A wide coalition of countries have imposed economic sanctions on Russia for its brutal aggression against Ukraine. The sanctions regime has impaired – but not exhausted – Russia’s financial and technological ability to make war.
There is still work to be done to improve the financial system’s resilience to crises. Key steps would include a stronger cap on household borrowing in Finland, and a common system of protection for bank deposits across Europe.
The Finnish economy slipped into recession last autumn as a result of the energy crisis brought on by Russia’s war in Ukraine. The economy's weak performance will continue this year, as it takes time for the effects of high inflation and the rise in interest rates to be felt in full.
The war in Ukraine and the energy crisis are fanning uncertainty and driving up inflation. Reduced purchasing power will hit private consumption, and the economy will slide into a mild recession. Finland’s GDP will shrink by 0.5% in 2023. Growth will return in 2024, reaching 1.1%.
The alternative scenario in the Bank of Finland’s forecast for the Finnish economy examines risks surrounding the Bank’s December 2022 baseline forecast which, should they materialise, could lead economic growth to be weaker than projected. The scenario estimates the possible impacts on the Finnish economy if Russia’s war in Ukraine drags on and if the availability of energy weakens further and economic uncertainty increases.
In recent years, Finland’s public finances have shifted from one crisis to the next. The debt ratio has grown almost without interruption since the global financial crisis. Halting the accumulation of further debt in the immediate years ahead would aim to give sufficient room for manoeuvre in future crises and for coming generations.
Finland’s general government revenue and expenditure are chronically out of balance. Population ageing is adding to health and social services spending and at the same time public debt service payments are growing. A fiscal correction will require significant spending cuts and tax increases in future parliamentary terms. The Bank of Finland estimates that the sustainability gap is about 4% of GDP.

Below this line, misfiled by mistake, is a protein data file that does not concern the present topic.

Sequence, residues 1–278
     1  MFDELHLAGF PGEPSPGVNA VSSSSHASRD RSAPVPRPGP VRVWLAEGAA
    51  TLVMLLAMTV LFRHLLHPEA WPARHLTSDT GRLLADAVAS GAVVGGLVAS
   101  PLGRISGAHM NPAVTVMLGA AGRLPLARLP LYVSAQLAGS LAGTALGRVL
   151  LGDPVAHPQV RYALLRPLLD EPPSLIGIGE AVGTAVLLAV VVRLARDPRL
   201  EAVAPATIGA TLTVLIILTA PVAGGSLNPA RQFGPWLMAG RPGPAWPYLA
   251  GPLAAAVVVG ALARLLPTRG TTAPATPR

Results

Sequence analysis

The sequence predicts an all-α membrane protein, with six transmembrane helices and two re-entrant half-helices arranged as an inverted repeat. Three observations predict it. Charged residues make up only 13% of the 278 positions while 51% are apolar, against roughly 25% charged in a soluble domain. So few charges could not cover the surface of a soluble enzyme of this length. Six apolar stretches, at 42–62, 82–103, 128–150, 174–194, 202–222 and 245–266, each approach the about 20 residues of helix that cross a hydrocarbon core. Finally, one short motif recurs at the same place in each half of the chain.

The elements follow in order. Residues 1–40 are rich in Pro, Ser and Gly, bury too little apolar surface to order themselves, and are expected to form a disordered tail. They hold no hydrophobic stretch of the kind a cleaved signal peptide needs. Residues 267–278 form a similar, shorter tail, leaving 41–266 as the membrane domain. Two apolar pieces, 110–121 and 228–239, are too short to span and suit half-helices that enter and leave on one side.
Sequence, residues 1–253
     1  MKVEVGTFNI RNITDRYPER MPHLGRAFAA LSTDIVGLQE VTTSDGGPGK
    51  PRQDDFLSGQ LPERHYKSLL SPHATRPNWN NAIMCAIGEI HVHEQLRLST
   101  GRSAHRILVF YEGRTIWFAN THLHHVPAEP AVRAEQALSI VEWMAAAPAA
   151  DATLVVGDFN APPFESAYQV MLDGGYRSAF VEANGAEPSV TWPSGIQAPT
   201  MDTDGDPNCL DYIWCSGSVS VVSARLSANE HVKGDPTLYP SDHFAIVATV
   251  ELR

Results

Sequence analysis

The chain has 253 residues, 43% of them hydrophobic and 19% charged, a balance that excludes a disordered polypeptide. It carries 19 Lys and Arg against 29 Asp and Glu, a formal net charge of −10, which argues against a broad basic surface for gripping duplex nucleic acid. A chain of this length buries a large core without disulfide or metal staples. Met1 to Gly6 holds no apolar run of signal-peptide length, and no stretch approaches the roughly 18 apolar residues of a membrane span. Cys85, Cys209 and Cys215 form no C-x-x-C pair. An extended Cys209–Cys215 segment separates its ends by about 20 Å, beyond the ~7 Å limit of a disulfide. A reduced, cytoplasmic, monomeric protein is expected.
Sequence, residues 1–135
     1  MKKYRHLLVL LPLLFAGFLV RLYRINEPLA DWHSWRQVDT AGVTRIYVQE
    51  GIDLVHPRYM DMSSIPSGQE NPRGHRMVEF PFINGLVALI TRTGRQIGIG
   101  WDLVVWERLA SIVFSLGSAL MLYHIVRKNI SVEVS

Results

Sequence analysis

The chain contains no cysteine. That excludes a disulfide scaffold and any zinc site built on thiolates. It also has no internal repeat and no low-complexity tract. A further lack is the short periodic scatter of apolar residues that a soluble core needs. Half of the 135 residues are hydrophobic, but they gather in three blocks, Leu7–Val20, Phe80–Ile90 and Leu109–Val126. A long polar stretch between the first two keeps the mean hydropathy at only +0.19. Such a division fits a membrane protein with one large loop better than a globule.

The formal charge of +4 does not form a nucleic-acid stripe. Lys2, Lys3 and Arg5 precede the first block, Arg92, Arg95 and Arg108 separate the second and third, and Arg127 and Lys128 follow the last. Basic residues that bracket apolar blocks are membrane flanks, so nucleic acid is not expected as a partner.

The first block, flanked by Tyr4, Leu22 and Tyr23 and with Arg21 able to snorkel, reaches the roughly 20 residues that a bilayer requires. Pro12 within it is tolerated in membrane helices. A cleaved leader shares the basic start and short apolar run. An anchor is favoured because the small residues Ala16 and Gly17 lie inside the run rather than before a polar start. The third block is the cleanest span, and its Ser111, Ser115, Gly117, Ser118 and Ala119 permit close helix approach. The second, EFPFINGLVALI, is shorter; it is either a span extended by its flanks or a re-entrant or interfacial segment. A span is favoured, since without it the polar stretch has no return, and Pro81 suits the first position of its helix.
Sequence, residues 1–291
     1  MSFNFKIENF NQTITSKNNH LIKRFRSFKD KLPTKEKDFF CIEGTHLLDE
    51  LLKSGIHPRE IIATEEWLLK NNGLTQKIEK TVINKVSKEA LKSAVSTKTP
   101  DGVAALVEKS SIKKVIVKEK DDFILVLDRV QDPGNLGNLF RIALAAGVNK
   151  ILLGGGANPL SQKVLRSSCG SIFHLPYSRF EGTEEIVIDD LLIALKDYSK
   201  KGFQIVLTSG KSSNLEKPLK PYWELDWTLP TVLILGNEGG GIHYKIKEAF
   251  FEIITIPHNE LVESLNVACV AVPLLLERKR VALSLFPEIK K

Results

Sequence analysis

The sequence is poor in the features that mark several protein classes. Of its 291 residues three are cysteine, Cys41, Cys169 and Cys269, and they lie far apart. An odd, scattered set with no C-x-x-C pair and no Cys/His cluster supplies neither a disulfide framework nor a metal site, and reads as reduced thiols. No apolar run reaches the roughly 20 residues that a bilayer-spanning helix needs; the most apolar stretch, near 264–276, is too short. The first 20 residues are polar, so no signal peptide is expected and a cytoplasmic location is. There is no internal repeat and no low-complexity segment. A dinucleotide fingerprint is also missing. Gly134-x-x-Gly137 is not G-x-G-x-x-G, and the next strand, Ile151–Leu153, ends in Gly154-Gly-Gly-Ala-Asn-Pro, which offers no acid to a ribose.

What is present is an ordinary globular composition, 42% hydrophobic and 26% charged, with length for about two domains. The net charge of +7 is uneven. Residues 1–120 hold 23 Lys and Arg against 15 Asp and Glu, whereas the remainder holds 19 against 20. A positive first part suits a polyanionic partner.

Climate change is forcing the economy to transit towards a more sustainable future. Transition risks are related to the process of adjustment to a low-carbon economy. Granular data are needed to analyse the transition risks.
With India’s ever-increasing importance in the global economy, Europe’s central banks and other key institutions need to sharpen their focus on India. The International Relations Committee of the European System of Central Banks (ESCB) established an informal India expert network in 2021.
Finland’s general government debt ratio has grown almost without interruption since the global financial crisis. This trend differs significantly from that seen in the other Nordic countries. It is vital to build a strong political commitment to fiscal sustainability and to the resolute implementation of the measures this calls for.
Growth in Finland’s economy will stall temporarily due to Ukraine war and energy crisis. High inflation is weakening consumers’ purchasing power and general confidence in the economy. In the public finances, spending will continue to exceed revenues.
Russia’s oil exports have decreased only marginally in volume since it began the war in Ukraine. While the export volume to countries of the European Union has fallen somewhat, Russia has found new markets in India, China and Türkiye.
The energy crisis is threatening to increase the euro area’s energy bill many times over. This will impede growth in the euro area economy in the near term. Besides energy prices, the prices of other products too have climbed sharply.
This website saves on your device small data files known as cookies. These are divided into essential cookies and statistical ones. Essential cookies are always operational, as they allow use of the site and ensure data security.
The site does not use any cookies that identify the user.
Select ‘Approve cookies’ or click ‘Edit cookie settings’, read the additional information and tailor the cookies to your preferences.
Essential cookies enable the website’s data security and basic functions such as navigating around the site and the search function. Essential cookies do not gather any data that can identify a user of the site.
Statistical enhancement cookies help us develop the site to meet users’ needs. They gather data on e.g. users’ terminals, site visits and time spent on the site. Statistical cookies do not gather any data that can identify the user.